Simon led the efforts to make the group public with nearly $1 billion initial public offering (IPO) in 1993 and the company has never had to look back. Back then, it was the largest real estate stock offering. What Simon inspires in us is to challenge the status quo and go beyond the point where anyone has ventured before.

6. Lars Rebien Sørensen (Novo Nordisk)

Novo Nordisk is a Danish company established in 1923 whose principal aim was to produce insulin for the Danish population. Now the company exports insulin all over the world and is an unrivaled leader in its industry. Lars Rebien Sørensen, the CEO, was born in 1954 in Copenhagen. He holds an MSc in Forestry from the Royal Veterinary and Agricultural University, Denmark and a BSc in International Economics from the Copenhagen Business School. Sørensen started with the company in 1982, working in the marketing department. He has served as president and CEO of the company since 2000.

The company under Sørensen’s initiative released a vision statement for the company called the “Novo Nordisk Way”, which very much sums up the values of the company and also how the efficacious CEO manages it. The vision of the company focuses on Scandinavian values, emphasizing individual respect for everyone, social responsibility and a sense of duty towards the environment.

7. Hugh Grant (Monsanto)

Monsanto is a Missouri-based multinational agrochemical and agricultural biotechnology corporation. Since 2003, Hugh Grant has served as the CEO of this company, which was founded way back in 1901. Grant was born in Larkhall, Scotland in 1958. He has received a BSc degree in agricultural zoology and molecular biology from Glasgow University, a MSc. in agriculture from the University of Edinburgh, and an MBA from the International Management Centre in Buckingham. He has been involved with Monsanto since 1981, when he worked in Scotland for the then US-based company.

Advertising

In an interview with Leader’s Magazine, on being asked about the key priorities of the company to ensure its stature as leader in the industry, Grant answered, “The leadership I hope we can provide at Monsanto is a focus on the success of farmers.” Grant believes that when the farmers succeed, the company succeeds. A leadership should focus on sustainability and providing something of value to the customers rather than accomplishing a few short-term goals. That way, a company can go on to retain customers and grow step by step.

8. J. Michael Pearson (Valeant Pharmaceuticals)

J. Michael Pearson has served as CEO of the Montreal-based Valeant Pharmaceuticals, which was founded in 1960, since only January 2014. However, he has led a remarkable rise of the company within the year and is the eighth-best performing CEO as per The Harvard Business Review. Pearson received BS and BSE from Duke University and an MBA from University of Virginia. He worked at McKinsey & Company for 23 years before joined Valeant as CEO in 2008.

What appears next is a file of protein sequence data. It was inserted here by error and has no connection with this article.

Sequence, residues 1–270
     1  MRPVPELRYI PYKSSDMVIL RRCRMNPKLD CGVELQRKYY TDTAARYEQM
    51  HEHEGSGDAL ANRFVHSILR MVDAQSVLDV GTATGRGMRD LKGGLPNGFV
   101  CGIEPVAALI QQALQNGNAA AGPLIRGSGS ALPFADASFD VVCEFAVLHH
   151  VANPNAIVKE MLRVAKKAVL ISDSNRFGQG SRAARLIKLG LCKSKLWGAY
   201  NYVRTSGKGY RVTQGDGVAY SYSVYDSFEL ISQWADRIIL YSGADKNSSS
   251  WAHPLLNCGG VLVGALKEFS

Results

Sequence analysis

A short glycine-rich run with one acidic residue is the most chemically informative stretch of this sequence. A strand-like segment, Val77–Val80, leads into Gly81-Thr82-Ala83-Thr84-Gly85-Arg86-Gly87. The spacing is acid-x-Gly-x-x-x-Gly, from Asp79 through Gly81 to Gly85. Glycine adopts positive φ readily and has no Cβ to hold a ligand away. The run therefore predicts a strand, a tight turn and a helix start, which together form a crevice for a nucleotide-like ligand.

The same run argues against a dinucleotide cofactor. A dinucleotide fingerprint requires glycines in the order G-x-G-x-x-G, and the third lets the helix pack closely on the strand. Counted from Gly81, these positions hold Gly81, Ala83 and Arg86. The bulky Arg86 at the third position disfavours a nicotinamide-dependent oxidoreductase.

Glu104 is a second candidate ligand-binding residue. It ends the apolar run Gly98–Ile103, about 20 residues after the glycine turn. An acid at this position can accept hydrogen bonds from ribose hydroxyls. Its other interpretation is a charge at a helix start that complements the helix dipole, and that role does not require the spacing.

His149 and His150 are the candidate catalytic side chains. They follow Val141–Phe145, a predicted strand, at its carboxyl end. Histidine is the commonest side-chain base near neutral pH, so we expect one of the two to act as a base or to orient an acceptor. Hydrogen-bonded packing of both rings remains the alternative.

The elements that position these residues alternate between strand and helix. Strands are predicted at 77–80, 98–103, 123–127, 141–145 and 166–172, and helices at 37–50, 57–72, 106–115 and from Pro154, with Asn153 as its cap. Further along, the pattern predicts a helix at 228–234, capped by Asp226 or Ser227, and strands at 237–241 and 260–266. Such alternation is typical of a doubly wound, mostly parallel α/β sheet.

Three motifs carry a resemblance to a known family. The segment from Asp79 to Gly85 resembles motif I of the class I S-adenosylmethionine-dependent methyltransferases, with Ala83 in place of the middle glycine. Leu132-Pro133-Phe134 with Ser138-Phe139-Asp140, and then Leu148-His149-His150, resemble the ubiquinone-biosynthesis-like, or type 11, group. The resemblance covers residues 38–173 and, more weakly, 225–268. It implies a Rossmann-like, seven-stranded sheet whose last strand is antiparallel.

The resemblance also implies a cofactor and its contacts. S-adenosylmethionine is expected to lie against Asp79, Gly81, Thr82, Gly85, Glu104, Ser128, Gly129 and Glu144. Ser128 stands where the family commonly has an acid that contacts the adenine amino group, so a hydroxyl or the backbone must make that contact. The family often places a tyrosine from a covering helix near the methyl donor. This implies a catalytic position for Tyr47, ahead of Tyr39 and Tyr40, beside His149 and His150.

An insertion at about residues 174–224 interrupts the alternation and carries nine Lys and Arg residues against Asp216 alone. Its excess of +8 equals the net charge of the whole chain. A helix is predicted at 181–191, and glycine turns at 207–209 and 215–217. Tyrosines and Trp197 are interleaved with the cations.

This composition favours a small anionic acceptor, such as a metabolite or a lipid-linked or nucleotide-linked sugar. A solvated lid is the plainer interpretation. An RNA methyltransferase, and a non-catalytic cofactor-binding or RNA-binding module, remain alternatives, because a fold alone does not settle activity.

Pearson proves that it doesn’t take much to produce useful results if we do things right. Much of his success has depended upon effective measurement of his sales force. Proper monitoring of the growth of sales activities, which directly correspond to meeting of sales objectives and ultimately the yield of business results, has been his principal leadership style.

9. Mark Donegan (Precision Castparts)

Precision Castparts was founded by Joseph B. Cox in 1953. Mark Donegan has served as the CEO of this Oregon-based industrial goods and metal fabrication company for 10 years, having been with the company for 27 years. Aged 57 years old, Donegan joined the company in 1985 from General Electric Company. He earned nearly $9.7 million in 2014.

The leadership of Donegan at this global leader in aerospace manufacturing has focused on acquisitions and discovering ways to increase efficiency. Rather than creating something on their own, the company takes over other companies who have achieved some level of achievements in their target area. Precision, which is one of two Fortune 500 companies in Oregon, recently acquired Titanium metals manufacturer Timet.

Advertising

10. William Doyle (PotashCorp)

PotashCorp is the world’s largest fertilizer company in terms of its capacity. William Doyle, the highest earning Canadian CEO, has served as the company’s CEO since 1999. He has planned to retire in July of 2015 and, by then, he will have overseen remarkable growth of the company and enrichment of its shareholders. Doyle was born in 1961 and is a Georgetown University graduate. The 39-year fertilizer industry veteran initially started his career at International Minerals and Chemical Corporation.

PotashCorp has created a document containing core values and a code of conduct for directors, officers, employees and representatives of the company. The document very much summarizes the leadership style of Doyle. One of the metrics for success has been listed as, “The long-term value we create for our shareholders.” Doyle and the company’s aim has been always to provide something valuable and sustainable for the shareholders as well as the customers of the company.